New Amsterdam Fencing Academy provides a comprehensive training program in the sport of fencing.  From recreational fencers to national competitors, from pre-schoolers with their foam swords to teens on their high-school team and beyond, the focus at NAFA is on learning, growth, fitness, confidence and mastery.

At NAFA, we stress the four complimentary elements in training a fencer: Group work (footwork and conditioning), individual lessons, practice bouting, and competitions.

Group classes form the core of our program. Here, students become familiar with the fundamental movements and prerequisites of competitive fencing. The emphasis is on coordination, fitness, and basic fencing skills – a strong foundation upon which to build.

Private lessons are also key to fencing success.  This traditional master/apprentice format, the history of which goes back to Renaissance Europe, provides a critical element of the young fencer’s training as well as establishes a solid, long-term mentor relationship with the coach, a springboard for future competitive success.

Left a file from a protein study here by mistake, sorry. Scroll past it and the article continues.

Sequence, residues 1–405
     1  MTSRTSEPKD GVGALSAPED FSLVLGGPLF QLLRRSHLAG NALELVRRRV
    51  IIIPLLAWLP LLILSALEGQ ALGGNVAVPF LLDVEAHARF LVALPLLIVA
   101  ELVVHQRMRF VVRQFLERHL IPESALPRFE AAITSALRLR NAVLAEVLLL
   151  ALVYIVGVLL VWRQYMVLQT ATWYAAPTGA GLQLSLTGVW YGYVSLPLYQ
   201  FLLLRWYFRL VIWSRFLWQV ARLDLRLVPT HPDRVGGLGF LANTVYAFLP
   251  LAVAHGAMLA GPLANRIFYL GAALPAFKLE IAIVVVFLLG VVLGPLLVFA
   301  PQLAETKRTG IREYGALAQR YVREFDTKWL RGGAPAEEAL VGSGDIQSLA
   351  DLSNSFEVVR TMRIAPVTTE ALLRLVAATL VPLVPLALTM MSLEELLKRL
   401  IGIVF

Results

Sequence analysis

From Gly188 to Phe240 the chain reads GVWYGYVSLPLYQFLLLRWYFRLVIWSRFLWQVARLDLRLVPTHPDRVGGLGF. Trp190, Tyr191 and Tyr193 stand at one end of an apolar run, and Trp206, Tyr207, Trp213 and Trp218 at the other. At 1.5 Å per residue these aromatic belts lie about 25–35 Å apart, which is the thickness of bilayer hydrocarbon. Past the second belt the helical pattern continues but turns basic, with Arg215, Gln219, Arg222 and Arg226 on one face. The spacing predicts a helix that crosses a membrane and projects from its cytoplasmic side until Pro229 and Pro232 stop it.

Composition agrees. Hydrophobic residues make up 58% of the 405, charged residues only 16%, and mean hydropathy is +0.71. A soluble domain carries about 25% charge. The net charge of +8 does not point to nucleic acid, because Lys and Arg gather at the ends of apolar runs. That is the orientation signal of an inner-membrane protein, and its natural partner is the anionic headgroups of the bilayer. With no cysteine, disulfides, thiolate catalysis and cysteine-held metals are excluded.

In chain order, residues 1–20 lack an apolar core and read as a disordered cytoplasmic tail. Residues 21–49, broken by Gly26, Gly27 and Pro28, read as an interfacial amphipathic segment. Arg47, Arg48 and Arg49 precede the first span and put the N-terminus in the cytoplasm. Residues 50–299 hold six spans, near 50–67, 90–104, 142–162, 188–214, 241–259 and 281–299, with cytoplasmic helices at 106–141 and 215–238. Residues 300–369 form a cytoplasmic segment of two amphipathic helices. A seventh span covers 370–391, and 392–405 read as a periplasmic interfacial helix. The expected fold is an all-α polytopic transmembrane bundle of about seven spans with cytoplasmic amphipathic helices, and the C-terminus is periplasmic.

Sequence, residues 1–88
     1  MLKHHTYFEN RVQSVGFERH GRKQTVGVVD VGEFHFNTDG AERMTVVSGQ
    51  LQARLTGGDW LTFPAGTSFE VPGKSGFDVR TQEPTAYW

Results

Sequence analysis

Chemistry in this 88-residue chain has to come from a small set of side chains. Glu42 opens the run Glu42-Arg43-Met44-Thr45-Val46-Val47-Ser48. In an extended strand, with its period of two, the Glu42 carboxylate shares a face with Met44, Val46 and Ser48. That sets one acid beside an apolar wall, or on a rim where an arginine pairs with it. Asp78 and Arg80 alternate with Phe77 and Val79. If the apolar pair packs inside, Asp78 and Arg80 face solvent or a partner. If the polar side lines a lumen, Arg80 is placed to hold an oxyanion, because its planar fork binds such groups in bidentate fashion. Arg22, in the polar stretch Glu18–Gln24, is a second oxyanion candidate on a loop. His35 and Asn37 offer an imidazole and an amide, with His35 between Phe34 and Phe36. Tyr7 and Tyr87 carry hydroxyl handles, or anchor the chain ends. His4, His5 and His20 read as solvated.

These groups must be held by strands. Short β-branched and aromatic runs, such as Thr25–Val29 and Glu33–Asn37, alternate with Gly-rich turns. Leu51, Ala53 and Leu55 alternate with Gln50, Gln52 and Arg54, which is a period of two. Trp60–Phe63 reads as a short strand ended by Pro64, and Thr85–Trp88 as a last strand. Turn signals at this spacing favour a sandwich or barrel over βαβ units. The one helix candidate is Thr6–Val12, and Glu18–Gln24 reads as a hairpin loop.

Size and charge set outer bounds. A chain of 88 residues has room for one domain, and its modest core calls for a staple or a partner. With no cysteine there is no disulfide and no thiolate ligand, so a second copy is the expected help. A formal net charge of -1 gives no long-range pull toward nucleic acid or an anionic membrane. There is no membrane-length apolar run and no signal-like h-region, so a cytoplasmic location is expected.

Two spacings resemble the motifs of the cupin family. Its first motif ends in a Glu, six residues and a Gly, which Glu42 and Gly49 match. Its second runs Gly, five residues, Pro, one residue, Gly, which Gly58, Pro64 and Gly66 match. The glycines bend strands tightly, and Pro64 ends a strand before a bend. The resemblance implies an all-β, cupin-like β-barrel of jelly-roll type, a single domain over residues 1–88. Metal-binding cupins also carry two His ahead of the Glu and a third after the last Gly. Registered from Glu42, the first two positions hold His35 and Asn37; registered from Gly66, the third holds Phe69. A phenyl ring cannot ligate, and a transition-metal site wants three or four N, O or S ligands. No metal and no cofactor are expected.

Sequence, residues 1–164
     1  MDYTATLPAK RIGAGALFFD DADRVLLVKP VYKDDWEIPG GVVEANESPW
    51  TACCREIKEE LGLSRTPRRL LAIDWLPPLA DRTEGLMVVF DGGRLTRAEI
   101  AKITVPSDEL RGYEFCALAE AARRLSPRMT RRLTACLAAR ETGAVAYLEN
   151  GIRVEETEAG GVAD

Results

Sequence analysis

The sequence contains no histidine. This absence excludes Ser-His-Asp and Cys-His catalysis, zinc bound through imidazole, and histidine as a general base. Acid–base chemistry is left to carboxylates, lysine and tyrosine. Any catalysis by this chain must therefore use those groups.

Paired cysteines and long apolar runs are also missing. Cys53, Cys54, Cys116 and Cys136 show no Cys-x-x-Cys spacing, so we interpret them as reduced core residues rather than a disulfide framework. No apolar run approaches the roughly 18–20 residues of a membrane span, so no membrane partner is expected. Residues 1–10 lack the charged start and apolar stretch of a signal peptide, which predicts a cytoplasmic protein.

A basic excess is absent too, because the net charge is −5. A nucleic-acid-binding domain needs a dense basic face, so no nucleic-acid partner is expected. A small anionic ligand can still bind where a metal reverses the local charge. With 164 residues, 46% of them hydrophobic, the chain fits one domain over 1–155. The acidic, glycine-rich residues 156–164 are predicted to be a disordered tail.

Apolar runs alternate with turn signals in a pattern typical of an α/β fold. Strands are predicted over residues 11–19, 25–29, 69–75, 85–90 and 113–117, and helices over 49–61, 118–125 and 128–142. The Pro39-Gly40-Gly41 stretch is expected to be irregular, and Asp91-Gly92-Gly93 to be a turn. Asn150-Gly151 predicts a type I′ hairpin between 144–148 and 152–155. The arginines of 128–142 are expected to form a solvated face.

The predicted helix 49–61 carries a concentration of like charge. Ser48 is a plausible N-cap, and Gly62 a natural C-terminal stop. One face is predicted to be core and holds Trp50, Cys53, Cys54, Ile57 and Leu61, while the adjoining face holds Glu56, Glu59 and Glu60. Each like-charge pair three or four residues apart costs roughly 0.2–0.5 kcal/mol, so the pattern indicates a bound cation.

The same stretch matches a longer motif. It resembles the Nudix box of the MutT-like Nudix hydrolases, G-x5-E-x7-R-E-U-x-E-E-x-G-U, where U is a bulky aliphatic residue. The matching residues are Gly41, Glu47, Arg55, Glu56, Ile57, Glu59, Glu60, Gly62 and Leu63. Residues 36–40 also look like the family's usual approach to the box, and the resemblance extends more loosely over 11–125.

In addition to physical fitness, fencing has been proven to improve mental agility, most notably in math and spatial skills.

According to Swordsmen

Dueling with any one of the three types of fencing swords, whether the lightweight foil, the epee or the thrashing saber, can actually improve math skills.  Fencing improves a perception of geometric shapes– one literally “draws” in the air with the sword– and a type of “if/then” logic, explained Dr. John Heil, a sports psychologist and the chairman of the Sports Science, Safety and Technology Committee for the U.S. Fencing Association.

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New York City’s top High Schools, including Stuyvesant, Bronx Science, and Hunter College offer competitive fencing programs, and the Speyer Legacy School for gifted young learners has made this sport of “physical chess” a mandatory part of their curriculum.

Fencing is an ideal enrichment activity for the energetic child, as well as the thoughtful one, the social one and the shy one, as it simultaneously engages the physical and the intellectual, offering multiple challenges and growing progressively more complex, yet always in step with the student’s own development.